Lyrically rich piano balladry on sophomore album from Irish songwriter.
In something of a departure from 2019’s ‘Ivory Towers’ and his 2016 debut ‘Dreamcatcher’, Jack O’Rourke’s latest release, ‘Wild Place‘, finds him almost exclusively leading songs from behind his piano: his warm voice and the occasional violin offering sparing, well-spaced accompaniment. While his previous records have mixed piano led ballads with full band pop-rock, here we find O’Rourke in a sombre mood making exclusive use of stripped-down arrangements to present a record of loss and reflection.
Focusing on the links between literature and nature, O’Rourke writes about inspiration, the wildness of love, as well as healing from pain and grief. Recorded in Triskel Christchurch in Cork, Ireland, the grand piano and O’Rourke’s distinctive vocal are prominent throughout. The result is a spacious presentation of soulful and folk-inspired songs, evoking musical touchstones such as Kate and Anna McGarrigle, Nick Cave and Paul Brady. While sonically it rarely ventures into territory most would regard as ‘Americana’, there are nods here to Tom Waits (especially on ‘Coffee Song’), while John Prine’s untimely passing in April 2020 looms large O’Rourke’s in rear-view mirror.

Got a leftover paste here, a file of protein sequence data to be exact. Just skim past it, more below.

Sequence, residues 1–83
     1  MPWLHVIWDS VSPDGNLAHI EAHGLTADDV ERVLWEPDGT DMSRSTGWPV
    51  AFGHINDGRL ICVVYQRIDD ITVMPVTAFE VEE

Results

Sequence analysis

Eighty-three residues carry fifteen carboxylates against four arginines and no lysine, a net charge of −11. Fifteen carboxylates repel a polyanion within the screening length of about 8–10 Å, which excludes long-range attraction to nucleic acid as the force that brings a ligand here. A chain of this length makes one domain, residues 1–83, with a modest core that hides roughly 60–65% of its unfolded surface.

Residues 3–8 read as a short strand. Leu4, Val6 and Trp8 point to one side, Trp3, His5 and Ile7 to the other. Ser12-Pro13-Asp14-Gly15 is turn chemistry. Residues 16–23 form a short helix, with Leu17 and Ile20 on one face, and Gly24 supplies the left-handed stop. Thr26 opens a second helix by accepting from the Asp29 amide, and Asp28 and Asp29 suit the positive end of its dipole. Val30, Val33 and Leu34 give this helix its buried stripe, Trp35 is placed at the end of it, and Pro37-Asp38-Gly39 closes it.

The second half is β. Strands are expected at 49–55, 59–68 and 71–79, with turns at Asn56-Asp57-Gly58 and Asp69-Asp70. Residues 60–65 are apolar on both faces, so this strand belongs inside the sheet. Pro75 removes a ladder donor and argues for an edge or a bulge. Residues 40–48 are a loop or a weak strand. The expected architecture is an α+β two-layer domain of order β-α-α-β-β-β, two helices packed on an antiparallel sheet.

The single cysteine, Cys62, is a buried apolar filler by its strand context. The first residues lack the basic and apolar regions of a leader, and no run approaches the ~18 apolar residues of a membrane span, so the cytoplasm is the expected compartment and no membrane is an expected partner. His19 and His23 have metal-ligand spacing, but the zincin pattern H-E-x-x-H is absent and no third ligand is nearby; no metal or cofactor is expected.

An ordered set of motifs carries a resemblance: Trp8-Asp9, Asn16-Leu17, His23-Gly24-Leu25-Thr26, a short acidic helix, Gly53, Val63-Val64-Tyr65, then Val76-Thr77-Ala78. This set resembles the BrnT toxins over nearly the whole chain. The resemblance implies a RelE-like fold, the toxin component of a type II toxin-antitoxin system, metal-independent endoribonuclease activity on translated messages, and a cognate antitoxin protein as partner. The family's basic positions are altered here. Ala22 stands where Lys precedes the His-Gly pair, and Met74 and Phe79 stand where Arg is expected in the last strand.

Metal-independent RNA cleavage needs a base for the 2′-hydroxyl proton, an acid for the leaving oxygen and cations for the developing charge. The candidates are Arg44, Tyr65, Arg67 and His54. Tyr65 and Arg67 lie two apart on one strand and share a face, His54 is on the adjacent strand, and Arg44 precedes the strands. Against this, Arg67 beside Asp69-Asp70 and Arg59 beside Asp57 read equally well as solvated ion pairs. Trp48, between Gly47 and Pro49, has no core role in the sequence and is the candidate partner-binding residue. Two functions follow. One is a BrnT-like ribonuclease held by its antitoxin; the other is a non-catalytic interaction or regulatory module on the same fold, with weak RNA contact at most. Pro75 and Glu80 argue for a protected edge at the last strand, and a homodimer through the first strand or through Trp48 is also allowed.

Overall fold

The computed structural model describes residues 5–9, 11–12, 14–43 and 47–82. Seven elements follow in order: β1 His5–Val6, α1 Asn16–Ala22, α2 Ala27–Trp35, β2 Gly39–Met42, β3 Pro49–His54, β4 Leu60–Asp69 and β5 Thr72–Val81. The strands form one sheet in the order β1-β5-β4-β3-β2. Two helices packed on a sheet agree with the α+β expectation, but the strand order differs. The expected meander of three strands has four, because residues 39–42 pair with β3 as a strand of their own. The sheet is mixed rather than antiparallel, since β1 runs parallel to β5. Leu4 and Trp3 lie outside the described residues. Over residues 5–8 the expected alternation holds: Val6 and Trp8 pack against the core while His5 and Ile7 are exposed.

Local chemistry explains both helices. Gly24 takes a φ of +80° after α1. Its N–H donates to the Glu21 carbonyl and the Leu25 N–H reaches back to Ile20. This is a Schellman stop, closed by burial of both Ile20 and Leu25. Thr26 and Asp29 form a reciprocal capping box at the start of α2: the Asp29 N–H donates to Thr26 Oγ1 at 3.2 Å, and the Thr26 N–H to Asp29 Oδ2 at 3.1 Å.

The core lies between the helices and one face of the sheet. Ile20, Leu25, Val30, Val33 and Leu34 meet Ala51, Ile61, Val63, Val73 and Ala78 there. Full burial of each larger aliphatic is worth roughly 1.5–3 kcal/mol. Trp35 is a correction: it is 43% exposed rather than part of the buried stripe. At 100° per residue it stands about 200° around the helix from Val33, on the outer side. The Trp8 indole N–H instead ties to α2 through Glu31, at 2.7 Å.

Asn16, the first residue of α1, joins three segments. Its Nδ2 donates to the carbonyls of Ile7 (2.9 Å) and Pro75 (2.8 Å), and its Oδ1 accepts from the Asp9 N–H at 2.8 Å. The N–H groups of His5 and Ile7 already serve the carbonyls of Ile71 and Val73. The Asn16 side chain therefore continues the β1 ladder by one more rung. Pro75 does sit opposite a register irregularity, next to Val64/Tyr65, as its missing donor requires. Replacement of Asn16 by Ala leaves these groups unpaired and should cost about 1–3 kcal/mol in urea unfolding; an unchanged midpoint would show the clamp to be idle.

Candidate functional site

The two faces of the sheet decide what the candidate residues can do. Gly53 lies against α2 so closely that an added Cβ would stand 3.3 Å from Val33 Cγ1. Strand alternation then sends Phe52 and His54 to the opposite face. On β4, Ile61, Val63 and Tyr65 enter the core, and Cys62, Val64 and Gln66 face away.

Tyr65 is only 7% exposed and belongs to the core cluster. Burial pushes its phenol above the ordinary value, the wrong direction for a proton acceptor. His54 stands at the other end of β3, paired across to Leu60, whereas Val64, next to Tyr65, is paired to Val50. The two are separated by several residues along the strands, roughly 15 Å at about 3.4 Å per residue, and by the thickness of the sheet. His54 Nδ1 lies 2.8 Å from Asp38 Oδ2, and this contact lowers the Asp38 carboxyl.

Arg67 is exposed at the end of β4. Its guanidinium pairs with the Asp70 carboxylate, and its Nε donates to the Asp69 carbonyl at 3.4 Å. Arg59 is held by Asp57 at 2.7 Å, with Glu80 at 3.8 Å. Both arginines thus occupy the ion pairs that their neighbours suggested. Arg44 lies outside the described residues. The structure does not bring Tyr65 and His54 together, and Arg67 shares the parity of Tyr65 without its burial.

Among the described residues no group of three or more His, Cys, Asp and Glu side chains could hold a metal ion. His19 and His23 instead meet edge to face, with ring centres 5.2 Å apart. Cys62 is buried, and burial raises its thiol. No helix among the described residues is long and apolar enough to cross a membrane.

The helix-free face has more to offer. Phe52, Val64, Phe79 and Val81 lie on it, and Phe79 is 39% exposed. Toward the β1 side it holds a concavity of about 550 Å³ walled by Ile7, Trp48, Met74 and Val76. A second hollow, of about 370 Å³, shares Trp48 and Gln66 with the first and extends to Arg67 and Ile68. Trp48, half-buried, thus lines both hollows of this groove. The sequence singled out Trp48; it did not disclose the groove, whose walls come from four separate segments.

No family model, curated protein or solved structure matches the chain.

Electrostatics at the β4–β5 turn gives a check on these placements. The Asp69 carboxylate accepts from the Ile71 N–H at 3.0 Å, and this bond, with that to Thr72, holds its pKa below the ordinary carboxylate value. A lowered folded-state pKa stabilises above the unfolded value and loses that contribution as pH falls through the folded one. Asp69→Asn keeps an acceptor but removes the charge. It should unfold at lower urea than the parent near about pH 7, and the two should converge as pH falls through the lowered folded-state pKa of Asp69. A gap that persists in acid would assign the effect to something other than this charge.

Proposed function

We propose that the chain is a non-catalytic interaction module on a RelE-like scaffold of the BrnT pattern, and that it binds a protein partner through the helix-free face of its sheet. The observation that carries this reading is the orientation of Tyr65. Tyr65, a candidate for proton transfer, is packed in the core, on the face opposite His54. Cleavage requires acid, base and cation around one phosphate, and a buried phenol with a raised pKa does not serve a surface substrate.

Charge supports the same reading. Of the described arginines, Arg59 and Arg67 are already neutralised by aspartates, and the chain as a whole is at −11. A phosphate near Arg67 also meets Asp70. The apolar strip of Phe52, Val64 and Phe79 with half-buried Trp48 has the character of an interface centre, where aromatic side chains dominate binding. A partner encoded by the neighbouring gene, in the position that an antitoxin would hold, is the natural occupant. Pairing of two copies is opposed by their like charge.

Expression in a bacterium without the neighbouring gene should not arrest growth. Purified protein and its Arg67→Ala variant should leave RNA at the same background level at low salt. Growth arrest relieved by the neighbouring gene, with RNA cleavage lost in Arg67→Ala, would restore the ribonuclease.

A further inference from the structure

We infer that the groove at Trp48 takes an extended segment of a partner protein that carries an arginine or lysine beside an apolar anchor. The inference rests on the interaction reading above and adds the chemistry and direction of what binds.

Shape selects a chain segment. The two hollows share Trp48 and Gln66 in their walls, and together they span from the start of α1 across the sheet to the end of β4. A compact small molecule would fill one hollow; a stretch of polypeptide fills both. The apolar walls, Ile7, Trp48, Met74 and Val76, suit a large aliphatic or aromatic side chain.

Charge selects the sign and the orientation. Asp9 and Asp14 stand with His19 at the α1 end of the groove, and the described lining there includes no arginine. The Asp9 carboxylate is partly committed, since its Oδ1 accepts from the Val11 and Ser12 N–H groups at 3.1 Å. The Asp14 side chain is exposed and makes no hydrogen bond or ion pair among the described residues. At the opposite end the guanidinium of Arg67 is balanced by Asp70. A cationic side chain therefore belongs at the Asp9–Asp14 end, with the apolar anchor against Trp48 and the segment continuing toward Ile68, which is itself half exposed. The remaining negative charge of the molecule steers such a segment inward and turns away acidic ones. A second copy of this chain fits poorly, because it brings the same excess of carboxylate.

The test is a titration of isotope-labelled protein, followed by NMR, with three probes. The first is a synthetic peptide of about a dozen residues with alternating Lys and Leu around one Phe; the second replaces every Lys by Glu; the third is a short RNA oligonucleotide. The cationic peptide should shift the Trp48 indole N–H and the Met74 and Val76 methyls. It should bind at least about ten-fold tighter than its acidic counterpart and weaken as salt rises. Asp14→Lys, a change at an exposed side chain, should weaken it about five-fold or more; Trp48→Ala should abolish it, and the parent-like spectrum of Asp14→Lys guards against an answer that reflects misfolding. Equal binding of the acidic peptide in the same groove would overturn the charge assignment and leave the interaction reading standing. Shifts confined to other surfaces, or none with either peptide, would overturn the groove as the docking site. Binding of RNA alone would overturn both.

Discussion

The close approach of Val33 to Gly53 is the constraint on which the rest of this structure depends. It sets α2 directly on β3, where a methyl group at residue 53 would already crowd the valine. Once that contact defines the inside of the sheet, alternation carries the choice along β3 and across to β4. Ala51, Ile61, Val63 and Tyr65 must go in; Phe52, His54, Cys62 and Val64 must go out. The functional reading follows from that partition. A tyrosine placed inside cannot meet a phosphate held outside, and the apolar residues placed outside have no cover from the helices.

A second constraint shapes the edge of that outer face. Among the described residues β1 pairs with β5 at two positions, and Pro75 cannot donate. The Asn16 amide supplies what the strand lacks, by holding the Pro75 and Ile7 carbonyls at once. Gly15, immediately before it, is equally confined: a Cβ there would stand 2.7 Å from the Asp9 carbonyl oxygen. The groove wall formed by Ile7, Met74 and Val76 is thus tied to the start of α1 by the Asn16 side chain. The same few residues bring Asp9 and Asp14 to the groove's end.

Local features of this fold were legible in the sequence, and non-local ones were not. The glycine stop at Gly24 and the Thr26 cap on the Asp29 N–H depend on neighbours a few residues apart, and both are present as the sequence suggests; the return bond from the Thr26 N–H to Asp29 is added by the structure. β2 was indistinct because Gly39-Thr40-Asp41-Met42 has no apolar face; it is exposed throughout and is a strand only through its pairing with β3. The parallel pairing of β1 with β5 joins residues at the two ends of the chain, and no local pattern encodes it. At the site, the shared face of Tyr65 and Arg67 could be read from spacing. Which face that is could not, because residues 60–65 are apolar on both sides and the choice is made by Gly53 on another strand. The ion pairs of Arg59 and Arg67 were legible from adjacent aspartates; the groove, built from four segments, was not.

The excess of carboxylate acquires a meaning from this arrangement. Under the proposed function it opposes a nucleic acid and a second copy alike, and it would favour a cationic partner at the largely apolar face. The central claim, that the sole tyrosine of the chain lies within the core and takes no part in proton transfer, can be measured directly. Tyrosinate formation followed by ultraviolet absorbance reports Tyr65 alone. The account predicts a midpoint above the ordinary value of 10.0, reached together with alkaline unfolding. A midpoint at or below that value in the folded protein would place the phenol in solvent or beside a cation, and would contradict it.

Expansive to the point of being almost cinematic, ‘Wild Place‘ provides a soundtrack to a year of grief and loss which many may take comfort from.